NERDTV: 10 SCIENTIFICALLY IMPOSSIBLE PLACES THAT ACTUALLY EXIST

The Seven Wonders of the Natural World may have been named too quickly. Wonders like The Grand Canyon and Victoria Falls are certainly big, and anyone who sees them will surely be impressed—but sheer size isn’t enough to truly leave a person in awe. There are other places in this world, though, that are far stranger. Places that seem almost alien, as if they could only exist on a planet that evolved separately from our own. These are places that scientists have had to struggle just to understand how they ever could have been formed. Places that will truly make you wonder—not just because they’re beautiful, but because they seem to follow scientific laws that don’t exist anywhere else on earth. Here are 10 Scientifically Impossible Places That Actually Exist

Text source: YouTube video description

DOCUMENTARY: ‘DROUGHT, WILDFIRE, STORMS: EXTREME WEATHER IS ON THE INCREASE’|BY DOC ZONE

Summer snowstorms. Disastrous flooding. Devastating wind and ice storms. Rampaging wildfires. Ruinous drought. Our weather has taken a turn for the extreme. And it’s going to get worse. As intense and unpredictable weather becomes the new normal, how can we adapt and survive? #DocZone

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It’s not your imagination. The weather has changed, is changing, and will continue to change. More torrential rain, more intense heat, more ice storms, more drought. It’s the new normal, and we all need to immediately start adapting if we want to protect our homes and families from the destructive effects of the wild weather that is now a part of our lives.

WEATHER GONE WILD explores recent extreme weather events and the scientific projections of what we can expect over the next few decades: wild weather is going to become more common, and even wilder and more destructive. What we can we do to protect ourselves, our families, and the towns and cities where we live?

By the year 2050, just 35 years from now, Canada can expect:

• Double the number of extremely heavy precipitation events – with periods of drought in between.
• 5 times as many hot days over 30 degrees.
• 100% increase in wildfires.
• 50% less snowfall across the prairies.
• More hail and 50% more ice storms.
• More intense hurricanes.

As a result, the new global buzzword is “adaptation”, as cities and citizens scramble to protect themselves. What can we do to give ourselves the best chance of dodging this coming bullet? WEATHER GONE WILD travels to Calgary, Toronto, New York, Miami and Rotterdam to detail the dangers of the destructive new weather patterns, and show the innovative plans in each city to protect people and property from the weather’s devastating effects.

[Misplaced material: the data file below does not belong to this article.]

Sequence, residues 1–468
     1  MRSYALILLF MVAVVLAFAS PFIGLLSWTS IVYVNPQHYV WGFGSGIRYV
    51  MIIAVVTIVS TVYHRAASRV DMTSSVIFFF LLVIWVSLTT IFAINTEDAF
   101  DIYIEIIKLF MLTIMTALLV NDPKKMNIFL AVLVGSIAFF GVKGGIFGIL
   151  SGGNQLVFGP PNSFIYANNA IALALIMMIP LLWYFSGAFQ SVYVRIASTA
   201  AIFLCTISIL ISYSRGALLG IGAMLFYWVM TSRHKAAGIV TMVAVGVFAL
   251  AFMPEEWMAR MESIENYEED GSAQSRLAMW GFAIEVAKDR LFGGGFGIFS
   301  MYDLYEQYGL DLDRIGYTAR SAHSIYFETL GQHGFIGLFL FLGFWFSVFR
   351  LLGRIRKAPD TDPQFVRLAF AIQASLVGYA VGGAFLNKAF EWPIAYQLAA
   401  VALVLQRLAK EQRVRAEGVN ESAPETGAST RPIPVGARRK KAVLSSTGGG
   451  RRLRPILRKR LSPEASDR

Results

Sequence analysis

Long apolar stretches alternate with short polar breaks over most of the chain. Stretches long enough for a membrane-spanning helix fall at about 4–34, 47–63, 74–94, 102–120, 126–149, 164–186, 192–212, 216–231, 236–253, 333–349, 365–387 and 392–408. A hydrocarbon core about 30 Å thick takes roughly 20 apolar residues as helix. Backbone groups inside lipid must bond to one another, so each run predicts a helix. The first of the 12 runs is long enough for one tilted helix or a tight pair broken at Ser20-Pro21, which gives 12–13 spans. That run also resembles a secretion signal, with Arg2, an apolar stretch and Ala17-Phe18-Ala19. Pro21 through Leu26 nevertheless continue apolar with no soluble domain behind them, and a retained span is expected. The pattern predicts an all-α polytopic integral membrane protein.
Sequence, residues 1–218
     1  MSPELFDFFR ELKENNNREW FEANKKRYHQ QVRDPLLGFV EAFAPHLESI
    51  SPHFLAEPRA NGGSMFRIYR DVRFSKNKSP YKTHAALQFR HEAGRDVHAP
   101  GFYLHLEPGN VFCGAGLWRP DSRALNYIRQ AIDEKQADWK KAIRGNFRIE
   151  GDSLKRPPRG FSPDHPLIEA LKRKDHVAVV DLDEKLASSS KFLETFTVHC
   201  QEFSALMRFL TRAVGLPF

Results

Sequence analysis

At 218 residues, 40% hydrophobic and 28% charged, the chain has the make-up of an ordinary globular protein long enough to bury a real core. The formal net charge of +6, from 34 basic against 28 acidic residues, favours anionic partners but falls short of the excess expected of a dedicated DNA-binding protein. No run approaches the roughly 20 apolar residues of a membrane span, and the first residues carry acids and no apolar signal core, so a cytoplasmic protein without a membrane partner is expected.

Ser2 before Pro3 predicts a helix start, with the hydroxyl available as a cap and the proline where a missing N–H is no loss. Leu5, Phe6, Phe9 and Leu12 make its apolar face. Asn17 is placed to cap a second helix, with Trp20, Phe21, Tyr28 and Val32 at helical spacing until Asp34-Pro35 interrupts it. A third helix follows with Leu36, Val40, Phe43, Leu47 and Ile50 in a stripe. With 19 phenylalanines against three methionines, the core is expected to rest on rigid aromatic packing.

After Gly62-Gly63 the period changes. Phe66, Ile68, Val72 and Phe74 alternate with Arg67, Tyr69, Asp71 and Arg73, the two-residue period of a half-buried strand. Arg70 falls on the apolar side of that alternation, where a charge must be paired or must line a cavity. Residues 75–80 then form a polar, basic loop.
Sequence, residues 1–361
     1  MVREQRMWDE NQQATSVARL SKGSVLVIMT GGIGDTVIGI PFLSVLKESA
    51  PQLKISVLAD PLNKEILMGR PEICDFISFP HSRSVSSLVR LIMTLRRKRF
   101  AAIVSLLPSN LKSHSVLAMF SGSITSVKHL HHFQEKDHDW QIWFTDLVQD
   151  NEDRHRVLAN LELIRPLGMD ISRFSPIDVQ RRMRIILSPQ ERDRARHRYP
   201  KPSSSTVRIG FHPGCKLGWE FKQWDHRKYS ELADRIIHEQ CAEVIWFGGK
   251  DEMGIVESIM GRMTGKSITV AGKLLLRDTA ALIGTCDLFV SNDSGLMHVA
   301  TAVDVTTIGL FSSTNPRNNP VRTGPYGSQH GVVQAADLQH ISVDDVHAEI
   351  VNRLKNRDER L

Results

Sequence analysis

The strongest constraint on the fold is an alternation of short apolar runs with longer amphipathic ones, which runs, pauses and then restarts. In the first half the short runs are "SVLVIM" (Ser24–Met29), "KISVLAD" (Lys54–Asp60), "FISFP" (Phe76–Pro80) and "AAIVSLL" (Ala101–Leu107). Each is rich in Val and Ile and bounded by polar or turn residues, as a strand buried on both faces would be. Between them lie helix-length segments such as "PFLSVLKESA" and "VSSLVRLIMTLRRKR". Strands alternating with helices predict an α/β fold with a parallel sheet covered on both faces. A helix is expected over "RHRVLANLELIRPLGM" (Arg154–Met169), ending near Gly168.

In Canada, everything from farming, to the insurance industry, to building codes will have to change if we’re going to weather the coming storms. Most Canadian cities are particularly vulnerable because their aging sewer, drain, and electrical systems need to be massively upgraded to ensure a safe future.

As Blair Feltmate, University of Waterloo professor and Chair of Canada’s Climate Change Adaptation Project says, “It’s mission-critical for the country. We have to weather-harden the system. Climate change will continue to happen. We need to figure out, what are we going to do about it?”

WEATHER GONE WILD answers that question with some practical steps Canadians can take to prepare themselves for destructive weather. Even conservative estimates show that for every dollar spent now on weather adaptation, six will be saved when damaging storms do strike.

Text source: YouTube video description

Around The Earth Twice In 15 Minutes

Since the very first module Zarya launched from Baikonur Cosmodrome on 20 November 1998, the International Space Station has delivered a whole new perspective on this planet we call home. Join us as we celebrate 20 years of international collaboration and research for the benefit of Earth with ESA astronaut Alexander Gerst’s longest timelapse yet.

In just under 15 minutes, this clip takes you from Tunisia across Beijing and through Australia in two trips around the world. You can follow the Station’s location using the map at the top right-hand-side of the screen alongside annotations on the photos themselves.

This timelapse comprises approximately 21 375 images of Earth all captured by Alexander from the International Space Station and shown 12.5 times faster than actual speed.

Music is Orbital Horizons, an original composition by Los Angeles-based musician Matt Piper.

Participate in further Space Station celebrations via social media using hashtag #SpaceStation20th